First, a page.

“The Tree of Life was a great project to be involved in and we are proud to be able to say we helped the project stay within budget. Peter Farmer, Duranite Technical Manger:
Greater Manchester (PRWEB) January 19, 2012
Since its closure around five years earlier, the disused former school had fallen in to a state of disrepair with vandalism and lead theft also contributing to the problems. Leaks from the building’s flat roof however were nothing new and had been an issue for many years, with water damage to ceilings, paintwork and hardwood parquet flooring evident throughout.
The Tree of Life, together with project manager Parkway Green Housing Trust appointed main contractor B4box Construction to carry out the works and refurbish the building to its former glory. A new tarmac roadway was constructed by the Territorial Army to allow the goods vehicles used for transporting items of furniture to access to the large doors at the rear of the former main hall. A new kitchen and cafe area were completely fitted out and the doors and windows were replaced with UPVC double glazing. Carpets, suspended ceilings, some small areas of parquet flooring, were also renewed.
High on the agenda was waterproofing of the building’s flat roof. The outdated construction methods employed in the roof structures, coupled with unusual design of the four distinctly separate areas of the roof presented a number of challenges. After evaluating and subsequently discounting a number of roofing contractors and systems, the roofing works contract was awarded to a Licensed Duranite Installer. The flexibility of the Duranite Flat Roof System allowed swift, economical, problem free lining of not only the roofs, but all internal gutters and rainwater outlets, all backed up with a solid guarantee. Whilst the majority of the roof was of cast in-situ concrete construction, the roof over the main hall building consisted of a wood-wool slab roof deck supported by steel work. The existing felt roof covering was visibly degraded and had become detached, flapping around in the wind and becoming worse by the day. Having the option to either adhere or mechanically fix the Duranite membrane, meant the one system could be utilised throughout both areas. The Durafast Secret Fix System and Duratex fleece separation layer further allowed over two thirds of the area to be overlaid above the existing roof covering, and fixed in to the roof deck below. The resultant savings in labour and waste disposal costs were significant factors with regards to the budget, not to mention the reduced environmental impact thanks to around 50 tonnes of aged bitumen being kept from landfill.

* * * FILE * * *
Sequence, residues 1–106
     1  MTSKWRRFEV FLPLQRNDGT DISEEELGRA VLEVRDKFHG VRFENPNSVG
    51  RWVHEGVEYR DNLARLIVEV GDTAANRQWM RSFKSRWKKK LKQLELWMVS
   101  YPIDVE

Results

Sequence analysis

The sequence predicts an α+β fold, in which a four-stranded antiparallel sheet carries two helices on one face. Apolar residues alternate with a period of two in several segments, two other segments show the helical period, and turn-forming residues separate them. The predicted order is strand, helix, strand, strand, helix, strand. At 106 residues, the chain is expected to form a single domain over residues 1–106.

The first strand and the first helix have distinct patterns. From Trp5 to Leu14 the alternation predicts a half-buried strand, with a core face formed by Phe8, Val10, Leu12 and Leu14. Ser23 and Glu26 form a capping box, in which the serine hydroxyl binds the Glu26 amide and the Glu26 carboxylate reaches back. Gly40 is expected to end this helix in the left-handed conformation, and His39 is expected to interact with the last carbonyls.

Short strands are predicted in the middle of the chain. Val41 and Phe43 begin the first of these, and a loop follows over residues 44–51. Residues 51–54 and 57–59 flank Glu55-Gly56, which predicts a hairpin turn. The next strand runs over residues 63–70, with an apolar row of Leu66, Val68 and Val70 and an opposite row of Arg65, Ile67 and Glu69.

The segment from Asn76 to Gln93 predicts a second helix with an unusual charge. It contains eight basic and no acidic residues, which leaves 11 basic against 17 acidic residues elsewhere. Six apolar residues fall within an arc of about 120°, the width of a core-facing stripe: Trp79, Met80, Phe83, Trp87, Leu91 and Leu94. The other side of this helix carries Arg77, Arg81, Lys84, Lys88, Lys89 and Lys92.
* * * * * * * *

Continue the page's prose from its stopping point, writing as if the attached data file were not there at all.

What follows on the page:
Today The Tree of Life is a thriving hub of the community, well on the way to achieving its long term plan, and although best known for its furniture re-use shop, which is renowned in the local area for giving people on pensions, benefits and low incomes the chance to buy household items that they couldn’t otherwise afford, whilst preventing many perfectly good items ending up in landfill, it also provides many other valuable services to the local community, from health and wellbeing sessions, advice and friendship groups to providing an opportunity for local people to train for qualifications and get valuable experience by volunteering in their spare time. The community café at The Tree of Life also provides a good meal and a hot drink, along with a warm, welcoming atmosphere from £2.65.
Lyndsey Grundy, Tenancy Support Officer at Parkway Green Housing Trust: “Tree of Life helps us to support our most vulnerable tenants by providing them with items such as a sofa or double bed, to furnish their homes to a decent standard.”
Peter Farmer, Duranite Technical Manger: “The Tree of Life was a great project to be involved in and we are proud to be able to say we helped the project stay within budget. The roofs were quite a unique challenge as a large proportion of the water run-off is discharged in to a long narrow section of roof above a corridor, which is completely flat and couldn’t be altered within the budget due to adjacent window openings etc, so the water doesn’t really run away from that area.”